much needed electricity but they bring with them a number of problems. Fossil fuels are
responsible for much pollution and green house gas emissions. Many areas do not have their own
fossil fuel resources and have to have them brought in. This leaves them vulnerable to inevitable
price hikes and supply disruptions. In an ideal situation providing an underdeveloped area its
first access to electricity through a renewable resource will alleviate these issues.
There are many options for renewable energy but a particularly attractive one is biomass.
Biomass can provide a clean and reliable source. Almost every country has access to some sort
of biomass. In choosing a biomass the criterion for section should be what type of biomass is
locally available, what type of energy is needed, and the energy conversion rates. Algae aer a
good candidate for many areas for a number of reasons:

Very little land use

Able to use non-arable land

Can adapt to many environments

Very efficient solar energy collectors

Near-continuous harvest stream

Many conversion technologies are simpler than for lignocellulosic


biomass

Finding a way to use algae to provide electricity for underdeveloped areas is a very
exciting prospect. Although algae can be used to create biodiesel, methane, ethanol, and
hydrogen these technologies are complicated and are still in the demonstration phases. A simple
42

approach would be to use the algae directly as an alternative fuel in a diesel engine. In this study
a specific strain of algae was grown, collected, and desiccated before using a bomb calorimeter
to calculate the heat of combustion. When this was done the algae was found to have 4471.2
95.1 cal/g. While this is under half the energy density of diesel fuel further research needs to be
done to see if engine modifications could be done to make this feasible.

43

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50

APPENDIX A
TABLE A.1 BENZOIC ACID TEMPERATURES AND TIME MEASUREMENTS

51

Substance

Benzoic Acid #1

Benzoic Acid #2

Benzoic Acid #3

Time(min)

Temp (C)

Temp (C)

Temp (C)

0
1
2
3
4
5
5.75
6
6.25
6.5
6.75
7
8
9
10
11
12
13
14
15
16
17
18
19
20

21.262
21.266
21.269
21.271
21.273
21.275
22.037
22.473
22.767
22.981
23.183
23.333
23.649
23.766
23.818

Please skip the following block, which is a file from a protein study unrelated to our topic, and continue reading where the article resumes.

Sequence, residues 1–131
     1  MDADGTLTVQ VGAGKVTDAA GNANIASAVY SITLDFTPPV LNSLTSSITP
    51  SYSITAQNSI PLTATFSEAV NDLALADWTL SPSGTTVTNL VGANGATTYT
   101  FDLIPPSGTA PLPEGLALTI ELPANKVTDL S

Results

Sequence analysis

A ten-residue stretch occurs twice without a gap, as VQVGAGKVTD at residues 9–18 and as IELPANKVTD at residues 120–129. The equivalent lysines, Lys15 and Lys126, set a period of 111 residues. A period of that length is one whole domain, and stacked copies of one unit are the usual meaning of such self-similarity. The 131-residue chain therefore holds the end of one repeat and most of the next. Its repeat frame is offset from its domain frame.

23.842
23.852
23.855
23.854
23.852
23.849
23.846
23.843
23.84
23.837

19.855
19.862
19.868
19.872
19.877
19.881
20.595
20.943
21.312
21.53
21.723
21.931
22.199
22.358
22.423
22.452
22.467
22.473
22.476
22.477
22.477
22.476
22.475
22.475
22.473

20.171
20.177
20.181
20.185
20.189
20.195
20.888
21.271
21.61
21.821
22.051
22.202
22.535
22.679
22.744
23
22.783
22.789
22.79
22.789
22.789
22.788
22.786
22.784
22.782

52

APPENDIX B
TABLE A.2 COAL DUST TEMPERATURES AND TIME MEASUREMENTS

53

Substance

Coal #1

Coal #2

Coal #3

Coal #4

Coal #5

Time(min)
0
1
2
3
4
5
5.75
6
6.25
6.5
6.75
7
8
9
10
11
12
13
14
15
16
17
18
19
20

Temp (C)
21.167
21.177
21.185
21.191
21.196
21.197
21.793
22.222
22.458
22.743
22.895
23.055
23.345
23.476
23.538
23.562
23.571
23.573
23.573
23.571
23.568
23.564
23.56
23.558
23.551

Temp (C)
21.737
21.736
21.737
21.738
21.738
21.739
22.437
22.783
22.992
23.257
23.369
23.535
23.833
23.965
24.02
24.047
24.056
24.058
24.058
24.056
24.052
24.048
24.044
24.039
24.036

Temp (C)
21.14
21.142
21.144
21.146
21.148
21.149
21.933
22.375
22.66
22.87
23.059
23.203
23.535
23.66
23.715
23.743
23.75
23.753
23.751
23.749
23.746
23.742
23.738
23.734
23.75

Temp (C)
21.491
21.493
21.495
21.496
21.497
21.498
22.252
22.564
22.844
23.0492
23.195
23.328
23.623
23.736
23.784
23.807
23.816
23.818
23.817
23.815
23.812
23.808
23.805
23.801
23.797

Temp (C)
20.51
20.513
20.515
20.518
20.521
20.523
21.362
21.8
22.156
22.388
22.612
22.786
23.175
23.336
23.403
23.433
23.445
23.449
23.449
23.447
23.444
23.44
23.437
23.433
23.43

54

APPENDIX C
TABLE A.3 ALGAE COAL DUST TEMPERATURES AND TIME MEASUREMENTS

55

Substance

Coal-Algae
#1

Coal-Algae
#2

Coal-Algae
#3

Coal-Algae
#4

Coal-Algae
#5

Time(min)
0
1
2
3
4
5
5.75
6
6.25
6.5
6.75
7
8
9
10
11
12
13
14
15
16
17
18
19
20
20

Temp (C)
21.584
21.589
21.585
21.6
21.602
21.607
22.241
22.55
22.714